Last week we heard from innovation veteran David Croslin and author of Innovate the Future: A Radical New Approach to IT Innovation, about some of his thoughts separating innovation from invention and pitfalls facing organizations when they institute innovation programs.
One of the items Croslin touched on as we were speaking was the real value behind innovation management platforms - such as Accept Software, BrightIdea, Element8, Imaginatik, Kindling, Qmarkets.net and Spigit. It's a bit different from the party line you hear from these companies. Here's what he had to say:
David Greenfield: We're seeing lots of software that's come out, of late, that helps people collaborate together, helps people innovate together. Where do you see social media and collaboration tools fitting into enhancing innovation?
David Croslin: Well, it's kind of like the water cooler, right? People would stand around the water cooler
and they would discuss ideas, and things like that. In my opinion, most disruptive innovations come from the water cooler. But, unfortunately, nowadays we don't really have water coolers anymore, and people don't really stand around them anymore, and the company processes that are in place (in general) kill off water cooler ideas.
Social media and collaboration tools, things like that, I think are great for entrepreneurs to gather a great deal of information. You were talking earlier about marketing groups, things like that. Being able to tap into potentially millions of people and pose ideas and questions without necessarily revealing your intellectual property that you're trying to determine whether there's a market for, or trying to find a market need-that's really, really fabulous.
At the same time, I think that internal collaboration tools are great. Because we have too many distributed offices now, and you don't stand and look over the cubicle wall much anymore. If you don't have some kind of collaboration tools where people can just brainstorm ideas back and forth, then you've got some serious problems.
But, at the same time, I'm not a big open-innovation fan, at least from the point of view of making money. It has a tendency to push the intellectual property out into the masses, or multiple companies, and one of the things I focus on in the book is the commoditization of your market. If you're basically following an open-innovation model, you're pretty much building an already commoditized product. Because your competitors are equal to you. You don't hit the ground with a truly disruptive innovation. Everybody has it.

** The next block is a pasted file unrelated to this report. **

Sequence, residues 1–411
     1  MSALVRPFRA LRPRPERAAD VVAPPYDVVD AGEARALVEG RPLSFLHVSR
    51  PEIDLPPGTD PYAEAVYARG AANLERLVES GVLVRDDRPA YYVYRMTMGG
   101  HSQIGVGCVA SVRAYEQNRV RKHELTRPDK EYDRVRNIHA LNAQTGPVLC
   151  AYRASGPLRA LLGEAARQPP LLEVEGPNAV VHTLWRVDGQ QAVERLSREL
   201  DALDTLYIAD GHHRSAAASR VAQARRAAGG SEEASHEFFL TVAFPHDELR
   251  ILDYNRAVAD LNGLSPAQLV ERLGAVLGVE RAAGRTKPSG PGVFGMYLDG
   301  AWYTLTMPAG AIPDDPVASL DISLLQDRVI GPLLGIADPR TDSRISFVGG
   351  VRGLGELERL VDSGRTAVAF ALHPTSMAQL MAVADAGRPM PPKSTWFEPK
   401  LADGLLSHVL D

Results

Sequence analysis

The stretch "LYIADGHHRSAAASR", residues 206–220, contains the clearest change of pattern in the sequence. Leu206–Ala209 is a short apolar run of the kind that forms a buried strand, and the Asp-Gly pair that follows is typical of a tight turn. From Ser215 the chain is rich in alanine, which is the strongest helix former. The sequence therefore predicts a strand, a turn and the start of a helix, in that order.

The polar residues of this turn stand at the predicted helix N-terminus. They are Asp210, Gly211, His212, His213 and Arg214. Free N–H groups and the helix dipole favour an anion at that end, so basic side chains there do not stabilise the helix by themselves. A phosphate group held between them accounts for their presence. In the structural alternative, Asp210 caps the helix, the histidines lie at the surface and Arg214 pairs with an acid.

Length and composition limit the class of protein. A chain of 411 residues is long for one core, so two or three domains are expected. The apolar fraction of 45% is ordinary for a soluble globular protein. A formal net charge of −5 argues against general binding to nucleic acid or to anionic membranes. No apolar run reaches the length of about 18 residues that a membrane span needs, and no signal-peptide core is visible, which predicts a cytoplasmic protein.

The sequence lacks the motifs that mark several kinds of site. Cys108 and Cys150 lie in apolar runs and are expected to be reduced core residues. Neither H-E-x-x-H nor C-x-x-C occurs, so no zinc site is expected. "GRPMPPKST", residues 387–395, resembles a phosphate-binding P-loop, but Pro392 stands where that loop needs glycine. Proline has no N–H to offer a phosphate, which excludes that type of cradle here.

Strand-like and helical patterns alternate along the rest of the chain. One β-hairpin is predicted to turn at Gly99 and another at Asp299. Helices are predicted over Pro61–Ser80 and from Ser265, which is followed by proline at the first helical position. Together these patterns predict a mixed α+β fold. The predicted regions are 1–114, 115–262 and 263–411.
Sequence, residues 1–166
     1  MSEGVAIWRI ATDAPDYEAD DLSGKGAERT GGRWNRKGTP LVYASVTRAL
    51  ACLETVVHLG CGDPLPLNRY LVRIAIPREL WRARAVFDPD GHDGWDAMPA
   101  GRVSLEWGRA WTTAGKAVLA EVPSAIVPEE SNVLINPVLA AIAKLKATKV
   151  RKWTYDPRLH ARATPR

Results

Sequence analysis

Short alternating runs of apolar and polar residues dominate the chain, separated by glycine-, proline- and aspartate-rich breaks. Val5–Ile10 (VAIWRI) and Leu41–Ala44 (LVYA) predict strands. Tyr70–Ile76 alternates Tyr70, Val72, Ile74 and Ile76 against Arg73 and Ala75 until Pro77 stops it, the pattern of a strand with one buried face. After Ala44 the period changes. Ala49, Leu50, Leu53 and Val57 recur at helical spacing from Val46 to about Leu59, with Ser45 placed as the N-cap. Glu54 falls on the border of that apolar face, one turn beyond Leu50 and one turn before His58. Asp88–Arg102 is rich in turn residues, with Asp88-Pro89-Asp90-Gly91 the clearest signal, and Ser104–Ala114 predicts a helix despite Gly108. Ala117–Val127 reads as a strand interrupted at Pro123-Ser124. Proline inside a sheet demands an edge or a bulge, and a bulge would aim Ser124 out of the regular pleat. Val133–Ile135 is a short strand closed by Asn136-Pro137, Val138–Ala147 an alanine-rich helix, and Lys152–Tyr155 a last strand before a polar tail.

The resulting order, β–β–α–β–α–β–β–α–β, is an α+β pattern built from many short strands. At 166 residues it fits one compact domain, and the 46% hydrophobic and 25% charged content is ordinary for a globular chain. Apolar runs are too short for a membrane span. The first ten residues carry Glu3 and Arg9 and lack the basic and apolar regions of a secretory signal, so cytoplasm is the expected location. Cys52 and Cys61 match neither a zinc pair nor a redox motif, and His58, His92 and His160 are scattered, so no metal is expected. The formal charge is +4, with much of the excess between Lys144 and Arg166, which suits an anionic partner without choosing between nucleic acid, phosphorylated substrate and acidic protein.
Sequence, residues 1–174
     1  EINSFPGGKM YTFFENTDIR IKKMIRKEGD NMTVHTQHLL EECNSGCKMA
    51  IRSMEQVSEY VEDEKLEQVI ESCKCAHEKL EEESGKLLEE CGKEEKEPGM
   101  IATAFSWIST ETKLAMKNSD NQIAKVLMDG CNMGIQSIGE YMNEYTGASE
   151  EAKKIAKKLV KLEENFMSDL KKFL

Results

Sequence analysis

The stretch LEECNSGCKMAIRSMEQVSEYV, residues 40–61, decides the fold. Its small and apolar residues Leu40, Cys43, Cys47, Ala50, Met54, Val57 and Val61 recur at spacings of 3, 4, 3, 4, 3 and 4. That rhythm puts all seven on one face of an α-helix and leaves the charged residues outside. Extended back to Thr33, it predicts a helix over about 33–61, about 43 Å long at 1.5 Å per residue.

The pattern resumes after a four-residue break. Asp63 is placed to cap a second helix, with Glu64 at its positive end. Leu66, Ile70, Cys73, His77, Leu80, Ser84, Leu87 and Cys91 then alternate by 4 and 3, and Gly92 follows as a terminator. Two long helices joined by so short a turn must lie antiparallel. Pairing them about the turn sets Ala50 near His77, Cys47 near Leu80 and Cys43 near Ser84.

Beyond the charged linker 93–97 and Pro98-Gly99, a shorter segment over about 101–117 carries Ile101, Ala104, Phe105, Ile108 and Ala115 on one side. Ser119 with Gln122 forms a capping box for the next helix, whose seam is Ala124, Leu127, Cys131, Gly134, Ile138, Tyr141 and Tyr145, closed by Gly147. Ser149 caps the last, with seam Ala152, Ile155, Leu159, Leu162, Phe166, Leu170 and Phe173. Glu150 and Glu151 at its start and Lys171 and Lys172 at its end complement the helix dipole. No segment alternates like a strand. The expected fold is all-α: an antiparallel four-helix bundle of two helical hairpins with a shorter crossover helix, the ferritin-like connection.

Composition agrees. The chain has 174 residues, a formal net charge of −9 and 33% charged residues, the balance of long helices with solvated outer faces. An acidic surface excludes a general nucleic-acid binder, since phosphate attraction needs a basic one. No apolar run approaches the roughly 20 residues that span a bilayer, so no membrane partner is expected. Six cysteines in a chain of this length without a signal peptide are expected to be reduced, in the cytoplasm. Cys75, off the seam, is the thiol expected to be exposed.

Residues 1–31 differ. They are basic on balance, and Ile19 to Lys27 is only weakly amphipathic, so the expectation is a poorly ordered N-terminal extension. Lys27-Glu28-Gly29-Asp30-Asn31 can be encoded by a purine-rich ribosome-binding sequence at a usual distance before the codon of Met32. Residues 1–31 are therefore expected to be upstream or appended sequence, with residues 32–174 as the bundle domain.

Greenfield: What happens when you have innovation management platforms today? Dell's IdeaStorm, for example-I don't know if you're familiar with their platform.
Greenfield: Cisco ran its I-Prize. Starbucks had its own platform. These are forms that allow organizations to pull together the collective understanding of their employees and customers to gather ideas and assess ideas. It's a little more sophisticated than that; they can often gather ideas and then have a second tier of user review or experts assess those ideas. So you start to get this intersection that we've described previously, of the technologists on the one hand and businesspeople on the other hand serving as that second tier, taking ideas from the group, and sorting through them and identifying or amplifying them or changing them to come up with something different or better.
Greenfield: It sounds like, from what you're saying, that's not an approach that you're particularly fond of.
Croslin: Well, it's not that I'm negative on it; it's just a matter of, what is your goal, okay? I've looked at the ones you've described. Dell's IdeaStorm is a tremendous way to gather not only customer complaints, but customer recommendations of incremental enhancements. If you go through it and look at it you'll find that, I think they've got like 140,000 or 150,000 ideas now. Almost all of them have to do with, you know, could you backlight the keys? Could you add a numeric keypad on this particular device? Things like that. Which is all great if all you want to do is continue to sell a commoditized product in a commoditized market. Again, your customer is not going to tell you how to build the iPhone of the notebook market.